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This catalogue of the books in the Society's Library has been prepared to meet a long felt and pressing want. The principal difficulty in the way has been the matter of expense. But the Council feel that the time has come, now that the financial position of that Society is steadily improving, when they can feel themselves justified in making the necessary advance.
Mr. Vaux had already commenced a MS. of the catalogue. Mr. Cox, of the London Library, not himself an Oriental linguist, but a careful and experienced librarian, was engaged by the Council to make a new draft of the catalogue, and his work has been throughout superintended and revised by the Honorary Librarian, Dr. Oliver Codrington, and by myself.
The aim has been to satisfy the practical need of a book in which the Members of the Society should be able to find, and to find easily, what books their library contains. Among other details the question of the spelling has been settled with this aim in view. Many of the older books have the Oriental words in their titles spelt in accord with the system, or want of system, which prevailed when they were first published. While the titles themselves are reproduced in this old spelling, the catch words, printed in clarendon type, have been uniformly transliterated so as to bring them into accordance with modern ideas.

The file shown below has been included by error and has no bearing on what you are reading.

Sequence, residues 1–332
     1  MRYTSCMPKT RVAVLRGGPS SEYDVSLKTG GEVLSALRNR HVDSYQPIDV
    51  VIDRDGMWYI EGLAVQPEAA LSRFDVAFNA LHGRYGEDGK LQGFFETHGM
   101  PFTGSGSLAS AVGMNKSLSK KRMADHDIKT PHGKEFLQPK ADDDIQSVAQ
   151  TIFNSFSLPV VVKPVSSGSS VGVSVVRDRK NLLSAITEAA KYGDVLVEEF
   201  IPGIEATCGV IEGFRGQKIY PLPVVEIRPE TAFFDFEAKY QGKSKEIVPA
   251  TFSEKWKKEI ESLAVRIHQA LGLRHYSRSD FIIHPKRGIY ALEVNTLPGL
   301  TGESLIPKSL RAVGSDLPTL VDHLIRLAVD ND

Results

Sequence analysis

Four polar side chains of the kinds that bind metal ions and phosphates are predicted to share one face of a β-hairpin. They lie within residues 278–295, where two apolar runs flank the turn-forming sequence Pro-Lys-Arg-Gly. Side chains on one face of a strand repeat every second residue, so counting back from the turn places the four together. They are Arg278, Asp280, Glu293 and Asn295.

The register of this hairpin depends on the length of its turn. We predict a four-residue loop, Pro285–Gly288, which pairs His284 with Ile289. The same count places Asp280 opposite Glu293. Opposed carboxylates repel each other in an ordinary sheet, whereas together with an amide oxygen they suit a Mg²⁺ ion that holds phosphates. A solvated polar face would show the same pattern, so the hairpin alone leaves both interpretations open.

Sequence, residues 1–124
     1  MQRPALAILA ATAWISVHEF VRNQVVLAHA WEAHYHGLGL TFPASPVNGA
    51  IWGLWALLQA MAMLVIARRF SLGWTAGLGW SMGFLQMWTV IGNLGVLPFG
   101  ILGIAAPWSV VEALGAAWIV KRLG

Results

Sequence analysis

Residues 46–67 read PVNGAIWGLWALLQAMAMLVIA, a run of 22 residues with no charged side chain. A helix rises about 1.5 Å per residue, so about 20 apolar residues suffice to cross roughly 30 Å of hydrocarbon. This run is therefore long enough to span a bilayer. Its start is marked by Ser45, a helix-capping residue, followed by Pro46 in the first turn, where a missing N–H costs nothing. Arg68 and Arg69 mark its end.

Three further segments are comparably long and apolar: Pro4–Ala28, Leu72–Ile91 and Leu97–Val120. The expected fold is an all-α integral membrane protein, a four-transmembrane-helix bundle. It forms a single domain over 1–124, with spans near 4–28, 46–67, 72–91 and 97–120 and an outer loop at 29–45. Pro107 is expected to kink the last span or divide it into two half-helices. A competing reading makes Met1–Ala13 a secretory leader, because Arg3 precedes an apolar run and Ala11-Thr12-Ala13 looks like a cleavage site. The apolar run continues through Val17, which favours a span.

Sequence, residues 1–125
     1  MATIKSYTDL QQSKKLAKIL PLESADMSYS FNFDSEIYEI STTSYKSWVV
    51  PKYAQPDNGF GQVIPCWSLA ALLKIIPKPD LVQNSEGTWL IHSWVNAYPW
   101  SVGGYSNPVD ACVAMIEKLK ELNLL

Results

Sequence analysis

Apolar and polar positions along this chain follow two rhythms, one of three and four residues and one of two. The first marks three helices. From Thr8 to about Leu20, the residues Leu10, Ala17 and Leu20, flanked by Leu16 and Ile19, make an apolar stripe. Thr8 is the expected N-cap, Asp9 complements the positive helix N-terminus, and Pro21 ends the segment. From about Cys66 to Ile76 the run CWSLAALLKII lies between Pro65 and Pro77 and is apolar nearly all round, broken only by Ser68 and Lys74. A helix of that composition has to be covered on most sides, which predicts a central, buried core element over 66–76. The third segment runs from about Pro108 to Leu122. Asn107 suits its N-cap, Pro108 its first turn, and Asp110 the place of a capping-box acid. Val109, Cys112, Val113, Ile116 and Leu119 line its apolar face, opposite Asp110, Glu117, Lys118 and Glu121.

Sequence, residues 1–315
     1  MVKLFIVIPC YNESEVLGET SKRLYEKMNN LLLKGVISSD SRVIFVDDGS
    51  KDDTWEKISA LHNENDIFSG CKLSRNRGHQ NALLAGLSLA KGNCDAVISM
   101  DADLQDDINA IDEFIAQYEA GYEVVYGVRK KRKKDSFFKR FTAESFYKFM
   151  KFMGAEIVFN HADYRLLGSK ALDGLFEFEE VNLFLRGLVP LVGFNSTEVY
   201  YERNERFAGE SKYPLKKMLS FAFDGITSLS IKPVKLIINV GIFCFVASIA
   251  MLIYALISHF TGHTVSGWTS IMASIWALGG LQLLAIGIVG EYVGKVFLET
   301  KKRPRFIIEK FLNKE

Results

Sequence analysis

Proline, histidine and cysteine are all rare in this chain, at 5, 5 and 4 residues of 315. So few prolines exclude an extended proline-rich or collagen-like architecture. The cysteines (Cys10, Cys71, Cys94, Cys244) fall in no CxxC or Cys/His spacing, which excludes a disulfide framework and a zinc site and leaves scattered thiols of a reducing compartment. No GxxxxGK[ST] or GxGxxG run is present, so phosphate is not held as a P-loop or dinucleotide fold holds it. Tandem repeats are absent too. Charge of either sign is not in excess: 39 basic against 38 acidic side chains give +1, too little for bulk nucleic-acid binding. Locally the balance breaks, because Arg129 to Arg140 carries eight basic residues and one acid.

The transliteration used has been for Sanskrit, Pali, and the allied languages
and for Arabic, Persian, and the allied languages
j=d Arabic Persian
th Arabic = ث
The names of Orientals have been spelt in accordance with this system, except in those few cases in which an author has clearly and deliberately adopted a peculiar transliteration of his own. In place names also such words as may fairly be considered to have become current English have been left in their usual English spelling.
T. W. Rhys Davids,
SECRETARY AND LIBRARIAN.